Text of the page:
Love for others through the recognition of the truth of my being.
I thought I would reflect on the spiritual book I have been reading, the Urgings of the Heart: Spirituality of Integration, but on the retreat of December, I was inspired to reflect upon another book that had guided me through it.
I’ve come to realize that our humanity have many characteristics in common despite our backgrounds and cultural differences. I understood this through the word, “Beloved”. The term connects each one of us to the truth of our being and our humanity. Each individual, like myself, was deeply and truly loved before our parents, friends, teachers, society harmed and changed us. As a result, we hide our true selves and lose crucial elements that make us who we are. We come in terms with shame, fears, rejection and the greatest temptation of all, self-rejection. Often, we fall into this temptation when we are rejected (in any form) by others through their actions and/or words. This brings up the idea that we all want to be accepted and loved. Yet, we unknowingly harm ourselves. We have the tendency to take the best of others and compare it to our worst traits which in reality, is completely illogical but as humans, we unconsciously do it. To put it in humorous term, as Father Tri had cleverly demonstrated, it is equivalent to taking one’s face and compares it to the rear end of another individual. Illogical, but we do it anyway. We find ourselves repeating the phase “never good enough” like a self-inflicted curse. The outcome of this is an unsatisfied self-perceived image that we project onto others. In reality, “we transmit what we don’t transform”. We pass onto others the dislikes of ourselves like an epidemic disease. However, by realizing this we are beginning to free ourselves from this temptation and to start living in true peace. One solution to this is to first recognize the similarities we each share with another human. I say human because as humans, we all have shame, pain, fears, worries, etc. We all seek acceptance and to love. This realization allows me to understand that I am not alone, was never alone and will never be. It brings the vicious circle of self-hatred and projection of self onto others to an end when we connect with one and another through our human nature and what it means to be a human. It also teaches us to love, the love for humankind. This unconditional love is a precious treasure if it can be found. It was specifically through this finding that I was able to forgive myself and to once again, fall in love with my sisters because I could recognize their preciousness in the eyes of God. In addition, we must claim our “belovedness” and continue to reclaim it, taking the place of the earlier curse, “never enough”.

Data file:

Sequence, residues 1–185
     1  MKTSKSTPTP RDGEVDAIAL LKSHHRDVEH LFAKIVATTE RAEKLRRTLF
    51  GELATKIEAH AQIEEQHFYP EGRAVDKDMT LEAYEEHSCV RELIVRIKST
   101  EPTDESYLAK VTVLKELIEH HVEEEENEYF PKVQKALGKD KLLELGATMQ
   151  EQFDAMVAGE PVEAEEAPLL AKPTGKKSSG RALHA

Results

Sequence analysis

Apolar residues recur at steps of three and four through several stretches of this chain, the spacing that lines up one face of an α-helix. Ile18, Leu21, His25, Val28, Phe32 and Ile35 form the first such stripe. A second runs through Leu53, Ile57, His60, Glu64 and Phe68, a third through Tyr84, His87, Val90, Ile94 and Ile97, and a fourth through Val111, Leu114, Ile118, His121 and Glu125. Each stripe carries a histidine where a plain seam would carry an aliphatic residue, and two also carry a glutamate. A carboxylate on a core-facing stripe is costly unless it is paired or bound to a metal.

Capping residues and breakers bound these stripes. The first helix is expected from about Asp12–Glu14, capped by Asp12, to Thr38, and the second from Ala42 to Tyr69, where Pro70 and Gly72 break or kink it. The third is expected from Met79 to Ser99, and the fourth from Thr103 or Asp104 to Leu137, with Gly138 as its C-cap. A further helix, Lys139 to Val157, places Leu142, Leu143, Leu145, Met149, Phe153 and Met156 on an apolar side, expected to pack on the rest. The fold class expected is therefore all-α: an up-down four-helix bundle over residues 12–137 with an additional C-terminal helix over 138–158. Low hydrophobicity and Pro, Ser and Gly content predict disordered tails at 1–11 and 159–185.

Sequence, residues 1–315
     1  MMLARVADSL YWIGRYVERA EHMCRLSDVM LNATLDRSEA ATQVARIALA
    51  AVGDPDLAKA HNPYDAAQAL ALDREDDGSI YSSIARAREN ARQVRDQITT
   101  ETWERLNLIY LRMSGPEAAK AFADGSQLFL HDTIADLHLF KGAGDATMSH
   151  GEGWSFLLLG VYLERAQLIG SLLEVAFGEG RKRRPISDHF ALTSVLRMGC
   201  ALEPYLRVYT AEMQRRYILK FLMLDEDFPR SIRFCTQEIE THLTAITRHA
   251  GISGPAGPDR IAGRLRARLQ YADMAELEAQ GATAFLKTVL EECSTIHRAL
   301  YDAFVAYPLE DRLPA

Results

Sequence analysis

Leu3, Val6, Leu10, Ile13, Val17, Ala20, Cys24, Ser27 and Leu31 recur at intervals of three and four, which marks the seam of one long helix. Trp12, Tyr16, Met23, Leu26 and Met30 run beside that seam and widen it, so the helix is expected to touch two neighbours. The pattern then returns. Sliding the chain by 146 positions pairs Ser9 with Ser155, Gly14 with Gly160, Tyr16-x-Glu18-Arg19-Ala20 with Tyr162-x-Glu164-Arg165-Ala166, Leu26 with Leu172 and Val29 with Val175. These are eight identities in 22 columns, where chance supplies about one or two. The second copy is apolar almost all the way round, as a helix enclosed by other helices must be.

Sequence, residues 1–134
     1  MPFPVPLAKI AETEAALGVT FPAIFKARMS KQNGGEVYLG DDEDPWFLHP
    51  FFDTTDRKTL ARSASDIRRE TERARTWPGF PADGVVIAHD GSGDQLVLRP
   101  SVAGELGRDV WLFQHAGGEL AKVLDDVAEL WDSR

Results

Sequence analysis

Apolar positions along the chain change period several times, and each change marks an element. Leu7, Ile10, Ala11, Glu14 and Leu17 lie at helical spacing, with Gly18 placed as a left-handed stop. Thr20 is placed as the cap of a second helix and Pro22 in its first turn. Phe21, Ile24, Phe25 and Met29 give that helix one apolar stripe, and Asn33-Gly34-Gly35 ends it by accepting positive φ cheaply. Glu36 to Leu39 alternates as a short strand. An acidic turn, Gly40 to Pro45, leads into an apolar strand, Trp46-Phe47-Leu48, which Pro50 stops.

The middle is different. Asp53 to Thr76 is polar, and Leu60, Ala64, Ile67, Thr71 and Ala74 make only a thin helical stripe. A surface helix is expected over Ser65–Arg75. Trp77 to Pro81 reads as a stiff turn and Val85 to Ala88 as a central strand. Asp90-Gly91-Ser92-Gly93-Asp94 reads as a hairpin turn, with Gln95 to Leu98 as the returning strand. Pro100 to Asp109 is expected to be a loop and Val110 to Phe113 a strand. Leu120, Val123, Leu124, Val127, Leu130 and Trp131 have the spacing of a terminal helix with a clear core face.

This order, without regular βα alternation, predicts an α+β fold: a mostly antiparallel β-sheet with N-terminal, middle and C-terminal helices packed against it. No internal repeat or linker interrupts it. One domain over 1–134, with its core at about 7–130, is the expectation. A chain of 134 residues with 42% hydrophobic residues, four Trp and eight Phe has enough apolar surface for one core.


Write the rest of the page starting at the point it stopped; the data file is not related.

It is essential for us to reclaim the truth of our being, the chosen ones, because soon enough, we discover within ourselves a deep desire to reveal to others their own chosenness. Once we realize that we are precious in God’s eyes and get in touch with our own goodness, we discover the goodness in others. It is a change of mentality through a change of heart. This change manifests in my soul where a real change takes place and where I begin to see through God’s eyes.
Nouwen, Henri J. M. Life of the Beloved: Spiritual Living in a Secular World. New York: Crossroad, 1992. Print